Aquaman is presented in its original aspect ratio of 2.39:1, but this release also sports the IMAX footage, which was shot and presented here in 1.78:1. The ultra-high-definition 2160p image is arrived at by an HEVC codec with an impressive average bitrate of 50-60 mbps. Much of the film was originally shot in 2K, with the notable exception of the IMAX footage throughout. The cool part of it all is that the transitions are so seamless that I had to force myself to really catch the switches. The image quality never changes, and the aspect ratio changes are no distraction. One of the weaknesses of the movie in general is what I like to call the George Lucas Syndrome. Often there are scenes so busy, so full of “stuff” that’s it is literally impossible to take it all in. But when you do focus on a particular image, you’ll find some wonderful detail even in peripheral elements. The HDR pops with a wonderful example of the superior color of Amber Heard’s bright red hair that stands out quite strikingly. The late Mantis suit is a wonderful study in excellent black levels as delivered in his shiny and inky black suit but also a wonderful example of tight contrast with the bright red eyes. I’m impressed with some of the white balance and detail as found in Nicole Kidman’s white costume. There’s a lot of texture and detail here, as in all of the costumes, but these details even stand out among shades of white. Character close-ups are stunning. The underwater sequences don’t always manage to suspend your belief, but this is a comic-book film, and some sacrifices are to be expected. Working in dry for wet isn’t easy, and it all boils down to the correct diffusion of light. There is an establishment shot when the characters go to Sicily that is simply breathtaking.
The Atmos track defaults to a pretty solid 7.1 mix. This is truly an immersive world in both the image and audio presentations. The surround mix is a very aggressive mix indeed. You get dolphin clicks, movement of water, and the hum of machinery throughout. The battle scenes draw you in close and intimate to the explosive action. It is here that the subs will shake a good theatre setup. They don’t just stick around for the big scenes. This one makes heavy use of subs throughout the film, and it maintains a steady thrum throughout the movie. There’s a distinct difference in underwater dialog and dry-land dialog. The dry dialog is strong and supported by the subs. The underwater dialog has a more celestial kind of quality which makes it easy to define the environment. The score is a rich bombardment of sound that does distract in small spots but usually times itself perfectly with the action on the screen.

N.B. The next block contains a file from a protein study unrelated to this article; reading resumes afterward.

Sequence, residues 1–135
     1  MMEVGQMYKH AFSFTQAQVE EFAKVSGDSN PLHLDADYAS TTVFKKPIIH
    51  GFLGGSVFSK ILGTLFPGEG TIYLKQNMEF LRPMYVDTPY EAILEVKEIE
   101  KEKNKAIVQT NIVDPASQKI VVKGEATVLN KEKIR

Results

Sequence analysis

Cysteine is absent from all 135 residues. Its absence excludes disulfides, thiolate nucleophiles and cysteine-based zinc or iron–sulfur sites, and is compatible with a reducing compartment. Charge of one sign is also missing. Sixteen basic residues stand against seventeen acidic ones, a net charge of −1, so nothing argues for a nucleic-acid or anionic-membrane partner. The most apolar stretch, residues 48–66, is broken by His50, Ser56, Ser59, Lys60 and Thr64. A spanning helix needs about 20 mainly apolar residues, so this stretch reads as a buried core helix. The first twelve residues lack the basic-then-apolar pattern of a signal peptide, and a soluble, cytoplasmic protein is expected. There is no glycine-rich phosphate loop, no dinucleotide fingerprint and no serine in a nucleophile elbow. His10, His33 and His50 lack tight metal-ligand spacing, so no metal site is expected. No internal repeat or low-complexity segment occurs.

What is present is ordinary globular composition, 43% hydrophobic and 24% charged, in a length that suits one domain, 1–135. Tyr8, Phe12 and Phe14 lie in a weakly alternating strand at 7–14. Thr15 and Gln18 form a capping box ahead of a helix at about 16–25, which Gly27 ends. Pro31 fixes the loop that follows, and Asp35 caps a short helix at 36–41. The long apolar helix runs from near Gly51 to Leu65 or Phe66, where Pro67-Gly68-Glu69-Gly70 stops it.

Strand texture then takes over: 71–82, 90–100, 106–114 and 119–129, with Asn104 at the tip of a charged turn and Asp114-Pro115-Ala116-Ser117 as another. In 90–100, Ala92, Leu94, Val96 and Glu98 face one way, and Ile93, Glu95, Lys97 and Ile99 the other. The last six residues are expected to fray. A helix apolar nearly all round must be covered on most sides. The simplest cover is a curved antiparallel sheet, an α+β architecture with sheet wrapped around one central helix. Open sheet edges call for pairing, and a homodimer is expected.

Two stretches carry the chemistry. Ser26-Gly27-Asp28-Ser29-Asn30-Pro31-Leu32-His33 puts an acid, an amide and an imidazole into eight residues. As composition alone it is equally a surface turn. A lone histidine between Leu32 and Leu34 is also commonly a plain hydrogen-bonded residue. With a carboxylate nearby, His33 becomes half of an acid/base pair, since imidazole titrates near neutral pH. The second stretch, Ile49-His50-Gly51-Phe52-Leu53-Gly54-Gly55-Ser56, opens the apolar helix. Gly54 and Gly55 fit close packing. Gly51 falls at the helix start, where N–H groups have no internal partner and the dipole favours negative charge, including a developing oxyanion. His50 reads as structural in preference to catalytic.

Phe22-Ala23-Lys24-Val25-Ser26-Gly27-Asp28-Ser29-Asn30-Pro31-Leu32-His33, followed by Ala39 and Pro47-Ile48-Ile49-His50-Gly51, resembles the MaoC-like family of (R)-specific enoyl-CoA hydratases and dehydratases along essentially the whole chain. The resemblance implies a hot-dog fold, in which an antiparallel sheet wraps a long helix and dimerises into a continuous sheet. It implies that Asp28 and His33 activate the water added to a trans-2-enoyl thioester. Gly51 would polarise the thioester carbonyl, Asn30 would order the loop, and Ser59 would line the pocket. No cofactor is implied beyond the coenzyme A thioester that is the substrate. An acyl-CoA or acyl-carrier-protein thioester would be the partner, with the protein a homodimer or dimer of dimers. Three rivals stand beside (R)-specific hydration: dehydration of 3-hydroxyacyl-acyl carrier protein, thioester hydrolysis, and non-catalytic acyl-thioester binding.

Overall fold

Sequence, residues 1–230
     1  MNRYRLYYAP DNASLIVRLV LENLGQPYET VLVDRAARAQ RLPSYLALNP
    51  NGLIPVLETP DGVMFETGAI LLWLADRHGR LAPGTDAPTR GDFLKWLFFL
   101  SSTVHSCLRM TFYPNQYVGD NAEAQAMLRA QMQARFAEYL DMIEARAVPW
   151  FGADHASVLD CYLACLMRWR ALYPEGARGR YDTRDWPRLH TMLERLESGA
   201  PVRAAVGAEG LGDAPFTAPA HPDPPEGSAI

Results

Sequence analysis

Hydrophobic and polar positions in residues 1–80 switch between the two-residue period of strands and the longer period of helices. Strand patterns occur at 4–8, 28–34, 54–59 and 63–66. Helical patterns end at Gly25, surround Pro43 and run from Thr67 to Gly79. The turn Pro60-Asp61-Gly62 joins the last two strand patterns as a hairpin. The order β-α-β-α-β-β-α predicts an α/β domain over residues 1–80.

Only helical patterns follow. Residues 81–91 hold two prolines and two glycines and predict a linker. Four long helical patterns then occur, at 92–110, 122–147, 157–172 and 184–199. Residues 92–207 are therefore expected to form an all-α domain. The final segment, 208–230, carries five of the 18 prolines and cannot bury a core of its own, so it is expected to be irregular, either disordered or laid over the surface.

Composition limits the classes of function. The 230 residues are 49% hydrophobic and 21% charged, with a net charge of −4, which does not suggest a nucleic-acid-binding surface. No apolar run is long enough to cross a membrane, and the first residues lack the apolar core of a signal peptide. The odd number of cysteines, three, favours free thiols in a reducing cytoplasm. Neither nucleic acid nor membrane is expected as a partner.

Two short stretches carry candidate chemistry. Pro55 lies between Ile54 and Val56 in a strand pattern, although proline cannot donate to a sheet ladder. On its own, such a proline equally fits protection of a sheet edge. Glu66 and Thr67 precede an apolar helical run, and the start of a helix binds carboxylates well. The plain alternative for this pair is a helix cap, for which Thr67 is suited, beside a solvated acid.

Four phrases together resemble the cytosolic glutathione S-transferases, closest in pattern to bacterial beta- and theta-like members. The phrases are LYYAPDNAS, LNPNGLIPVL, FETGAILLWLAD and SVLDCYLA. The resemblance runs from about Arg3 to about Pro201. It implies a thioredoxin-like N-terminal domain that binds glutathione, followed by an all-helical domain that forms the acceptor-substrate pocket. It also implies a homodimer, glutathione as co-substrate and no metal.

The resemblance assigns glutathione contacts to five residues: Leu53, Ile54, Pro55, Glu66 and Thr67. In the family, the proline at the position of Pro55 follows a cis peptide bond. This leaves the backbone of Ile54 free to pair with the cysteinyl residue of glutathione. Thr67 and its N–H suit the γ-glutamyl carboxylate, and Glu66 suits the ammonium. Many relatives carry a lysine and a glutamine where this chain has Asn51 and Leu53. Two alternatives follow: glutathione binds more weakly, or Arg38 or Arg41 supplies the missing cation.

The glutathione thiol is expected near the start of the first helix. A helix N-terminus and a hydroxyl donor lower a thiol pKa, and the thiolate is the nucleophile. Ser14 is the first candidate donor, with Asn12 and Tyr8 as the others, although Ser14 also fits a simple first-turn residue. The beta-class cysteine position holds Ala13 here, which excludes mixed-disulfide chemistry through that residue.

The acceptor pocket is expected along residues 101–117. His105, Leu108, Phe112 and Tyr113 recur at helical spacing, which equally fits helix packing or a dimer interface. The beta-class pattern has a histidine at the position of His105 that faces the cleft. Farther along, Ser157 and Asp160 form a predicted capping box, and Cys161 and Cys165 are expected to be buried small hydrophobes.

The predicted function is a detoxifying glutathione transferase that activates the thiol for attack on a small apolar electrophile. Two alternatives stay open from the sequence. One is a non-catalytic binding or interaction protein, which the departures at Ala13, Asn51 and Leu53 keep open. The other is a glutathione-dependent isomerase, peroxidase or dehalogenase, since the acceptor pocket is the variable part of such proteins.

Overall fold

The extras are all on the Blu-ray copy of the film. Sadly, no deleted scenes.
Becoming Aquaman: (13:03) Obviously this feature is going to focus on the character and Jason Momoa. We get to see him at various times in the process, from before he could let the secret out until his retrospective after the shoot where he’s remarkably laid back and calm considering that throughout the shoot he appears about as manic as one can. He approached the role with incredible energy and passion, and the evolution is all there for us to see here.
Going Deep Into The World Of Aquaman: (1928) This is the real behind-the-scenes feature. Of course, it focuses on the hectic schedule and all of the challenges of making something rather unique. You’ll see set construction, pre-viz, conceptual art, and a lot of energy from the cast and crew.
James Wan – Worldbuilder: (7:42) While the feature is centered on James Wan, he’s really there to introduce us to the various art departments that brought so much of this world to life.
The Dark Depths Of Black Manta: (6:39) Actor Yahya Abdul-Mateen II gives us a close-up look at his character and the comic book origins as well as his tech.
Heroines Of Atlantis: (5:31) A look at the two leading ladies and their characters.
Villainous Training: (6:21) The two big bad guys show how they were trying to out-train each other to buff up for the roles and to go against Jason Momoa.
A Match Made In Atlantis: (3;12) Jason Momoa and Amber Heard sit down for a playful talk about their experiences together on the set.
Atlantis Warfare: (4:40) A look at the breakdown of Atlantis technology. You get to see conceptual art and behind the scenes of how this tech was designed and created. Focus is on the ships, weapons, and clothing.
Creating Undersea Creatures: (7:15) Get to see how all of these creatures were designed and created.
Aqua-Tech: (5:42) This feature is really about the filmmaking technology that had to be developed in order to make this movie. There’s use of VR and a process called Virtual Production where the monitors deliver the director pre-viz in live-time during the shooting of the live action.
Screen Study Breakdowns: (10:15) The feature takes three scenes and shows you all of the layers of f/x that were used to create the final scene.
Kingdoms Of The Seven Seas: (6:59) Dolph Lundgren gives us a lesson on each of the seven kingdoms of Atlantis.
It features a Raiders of the Lost Ark-theme treasure hunt and is full of action, along with woman empowerment. My wife has already told me that she expects me to take her to see this movie, and to tell you the truth, I’m not at all upset about seeing it again.